- Facebook has announced privacy changes to its platform since the Cambridge Analytica scandal.
- These are aimed at making it easier for users to see the data being held and deleting it anyway.
- But experts say that Facebook would have had to do this anyway to comply with a new EU rule called the General Data Protection Regulation or GDPR.
Facebook has announced a number of privacy changes to its platform in recent days following the Cambridge Analytica data scandal, but the social network would have likely had to make the fixes anyway because of new upcoming legislation.
On March 21, Chief Executive Mark Zuckerberg spoke out about the scandal in which 50 million Facebook user profiles were harvested with the data being sent to political consultancy Cambridge Analytica. He announced some changes including a tool at the top of the News Feed to show users what apps have access to the data, restricting developers' access to data, and other initiatives.
On Wednesday, the social media giant unveiled a raft of measures aimed at making it easier for users to see and access the data held by the company. Facebook said that it had been working on these measures for a while.
While they are trying to regain trust with consumers by pushing out the new measures, it's likely they would have come in whether the data scandal had happened or not.
"A lot of it, a lot of stuff they would need to have done to be compliant with the new European data protection laws, known as GDPR. So I'm not convinced how much of that was actually really new stuff," Damian Collins, a U.K. lawmaker who has summoned Zuckerberg to appear in front of the British parliament, told CNBC Wednesday.
GDPR is short for the General Data Protection Regulation, a piece of legislation that will come into force across the European Union on May 25.
Part of GDPR requires companies to allow users to download the data held on them and let them transfer it to another service if they want. Another part of the legislation is the right to be forgotten and the right to request data be deleted. That is something Facebook said it is making easier.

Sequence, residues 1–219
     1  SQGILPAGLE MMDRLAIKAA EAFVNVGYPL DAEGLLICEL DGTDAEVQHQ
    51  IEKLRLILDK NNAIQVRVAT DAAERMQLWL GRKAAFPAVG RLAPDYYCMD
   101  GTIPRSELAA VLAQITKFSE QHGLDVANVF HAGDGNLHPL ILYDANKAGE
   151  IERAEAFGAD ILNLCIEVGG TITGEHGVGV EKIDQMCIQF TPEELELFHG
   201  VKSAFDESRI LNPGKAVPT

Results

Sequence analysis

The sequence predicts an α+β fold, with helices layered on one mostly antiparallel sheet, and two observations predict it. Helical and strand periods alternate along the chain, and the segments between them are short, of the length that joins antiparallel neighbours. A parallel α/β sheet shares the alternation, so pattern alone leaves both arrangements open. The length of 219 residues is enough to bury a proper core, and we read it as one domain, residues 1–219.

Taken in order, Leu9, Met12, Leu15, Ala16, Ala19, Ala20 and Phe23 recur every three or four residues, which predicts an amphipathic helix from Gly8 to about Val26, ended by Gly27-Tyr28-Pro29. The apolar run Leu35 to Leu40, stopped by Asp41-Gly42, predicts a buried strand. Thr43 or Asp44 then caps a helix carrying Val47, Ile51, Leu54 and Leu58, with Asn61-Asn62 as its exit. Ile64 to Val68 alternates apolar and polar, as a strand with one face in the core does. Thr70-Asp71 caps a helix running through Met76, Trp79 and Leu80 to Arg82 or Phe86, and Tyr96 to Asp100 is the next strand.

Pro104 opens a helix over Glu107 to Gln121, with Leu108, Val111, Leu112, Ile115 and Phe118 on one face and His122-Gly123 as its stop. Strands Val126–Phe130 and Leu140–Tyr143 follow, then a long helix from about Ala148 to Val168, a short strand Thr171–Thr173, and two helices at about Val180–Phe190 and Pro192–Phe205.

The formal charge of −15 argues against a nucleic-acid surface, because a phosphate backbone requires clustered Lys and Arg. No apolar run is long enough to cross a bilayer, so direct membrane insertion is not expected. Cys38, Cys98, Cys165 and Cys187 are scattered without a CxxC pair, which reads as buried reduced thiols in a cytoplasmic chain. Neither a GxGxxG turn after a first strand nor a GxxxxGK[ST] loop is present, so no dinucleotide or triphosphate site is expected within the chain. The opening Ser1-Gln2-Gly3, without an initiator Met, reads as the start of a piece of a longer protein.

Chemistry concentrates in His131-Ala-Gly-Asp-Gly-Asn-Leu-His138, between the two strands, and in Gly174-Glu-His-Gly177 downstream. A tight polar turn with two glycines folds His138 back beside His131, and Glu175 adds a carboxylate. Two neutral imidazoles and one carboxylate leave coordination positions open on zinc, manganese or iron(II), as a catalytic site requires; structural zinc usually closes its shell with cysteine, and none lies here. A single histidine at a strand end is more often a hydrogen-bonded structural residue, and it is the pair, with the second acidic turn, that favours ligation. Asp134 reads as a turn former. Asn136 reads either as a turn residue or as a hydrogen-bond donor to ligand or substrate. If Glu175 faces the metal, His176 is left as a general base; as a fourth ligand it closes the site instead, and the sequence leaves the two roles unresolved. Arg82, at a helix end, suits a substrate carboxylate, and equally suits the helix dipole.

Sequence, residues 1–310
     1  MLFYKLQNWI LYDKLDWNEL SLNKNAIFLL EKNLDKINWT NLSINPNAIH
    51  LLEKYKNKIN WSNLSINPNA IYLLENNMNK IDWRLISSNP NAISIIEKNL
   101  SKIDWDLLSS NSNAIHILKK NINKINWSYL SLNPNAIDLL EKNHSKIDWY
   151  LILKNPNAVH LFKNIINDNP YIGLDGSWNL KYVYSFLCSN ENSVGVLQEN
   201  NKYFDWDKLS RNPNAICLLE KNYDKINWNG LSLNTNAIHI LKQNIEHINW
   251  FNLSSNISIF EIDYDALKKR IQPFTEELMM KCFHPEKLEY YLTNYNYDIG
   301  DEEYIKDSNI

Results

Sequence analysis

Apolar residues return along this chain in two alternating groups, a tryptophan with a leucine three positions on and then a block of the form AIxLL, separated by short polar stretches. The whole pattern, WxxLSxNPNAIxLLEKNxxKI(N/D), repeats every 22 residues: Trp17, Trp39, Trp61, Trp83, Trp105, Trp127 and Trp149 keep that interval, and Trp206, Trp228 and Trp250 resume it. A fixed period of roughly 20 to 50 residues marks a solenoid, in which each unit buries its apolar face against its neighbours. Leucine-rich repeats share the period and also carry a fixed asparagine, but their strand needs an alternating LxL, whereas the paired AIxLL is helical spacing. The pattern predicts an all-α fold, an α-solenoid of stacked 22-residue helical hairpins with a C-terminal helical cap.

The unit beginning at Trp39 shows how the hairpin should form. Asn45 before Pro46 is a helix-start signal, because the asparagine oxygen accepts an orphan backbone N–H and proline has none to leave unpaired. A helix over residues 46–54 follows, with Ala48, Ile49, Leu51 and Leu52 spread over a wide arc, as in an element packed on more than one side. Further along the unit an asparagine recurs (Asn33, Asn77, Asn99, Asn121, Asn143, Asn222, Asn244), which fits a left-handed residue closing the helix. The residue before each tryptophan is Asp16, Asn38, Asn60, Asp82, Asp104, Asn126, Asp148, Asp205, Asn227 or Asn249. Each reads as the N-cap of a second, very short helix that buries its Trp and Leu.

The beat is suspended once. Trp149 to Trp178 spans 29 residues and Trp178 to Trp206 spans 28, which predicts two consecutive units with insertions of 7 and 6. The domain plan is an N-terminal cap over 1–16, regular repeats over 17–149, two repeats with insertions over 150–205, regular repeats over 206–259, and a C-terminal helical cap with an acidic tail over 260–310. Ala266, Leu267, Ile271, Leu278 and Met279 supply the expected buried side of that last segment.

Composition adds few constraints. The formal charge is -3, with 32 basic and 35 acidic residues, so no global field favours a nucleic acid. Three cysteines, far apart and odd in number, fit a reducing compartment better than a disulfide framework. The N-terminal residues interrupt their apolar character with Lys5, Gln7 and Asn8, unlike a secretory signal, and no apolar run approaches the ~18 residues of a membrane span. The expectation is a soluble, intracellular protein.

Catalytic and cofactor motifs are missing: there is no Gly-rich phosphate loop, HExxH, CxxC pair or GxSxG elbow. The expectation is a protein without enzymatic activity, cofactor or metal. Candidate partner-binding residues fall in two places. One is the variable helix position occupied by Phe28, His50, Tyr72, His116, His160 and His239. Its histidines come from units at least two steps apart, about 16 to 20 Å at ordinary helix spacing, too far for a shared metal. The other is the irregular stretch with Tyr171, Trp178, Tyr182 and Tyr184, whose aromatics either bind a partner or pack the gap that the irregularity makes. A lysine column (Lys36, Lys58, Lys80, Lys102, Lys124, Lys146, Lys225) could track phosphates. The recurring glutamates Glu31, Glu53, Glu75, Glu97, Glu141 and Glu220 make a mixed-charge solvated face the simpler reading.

So as much as Facebook might talk about being more responsible and being open to regulation, some of those laws are on the way and it's forcing them to implement these new features. And the implications will go beyond Europe to users in other parts of the world.
"A much tighter data environment from Europe is set to change the way Facebook handles what they collect and how they sell it; and given that Facebook's 2-plus billion users are tightly interconnected, a change in Europe will affect how they handle business for those users connected to those in Europe as well," Ian Bremmer, founder of political analysis firm Eurasia Group, said in a note earlier this week.
"So it's not quite as challenging for Facebook to say they're taking the popular outcry seriously and are prepared to address it — that legal 'fix' was already in the books."
A Facebook spokesperson was not immediately available for comment.
In a recent note to clients, Barclays said that Facebook has 93 million "lighter-weight" users in Europe and could see a small percentage of them go off the service completely.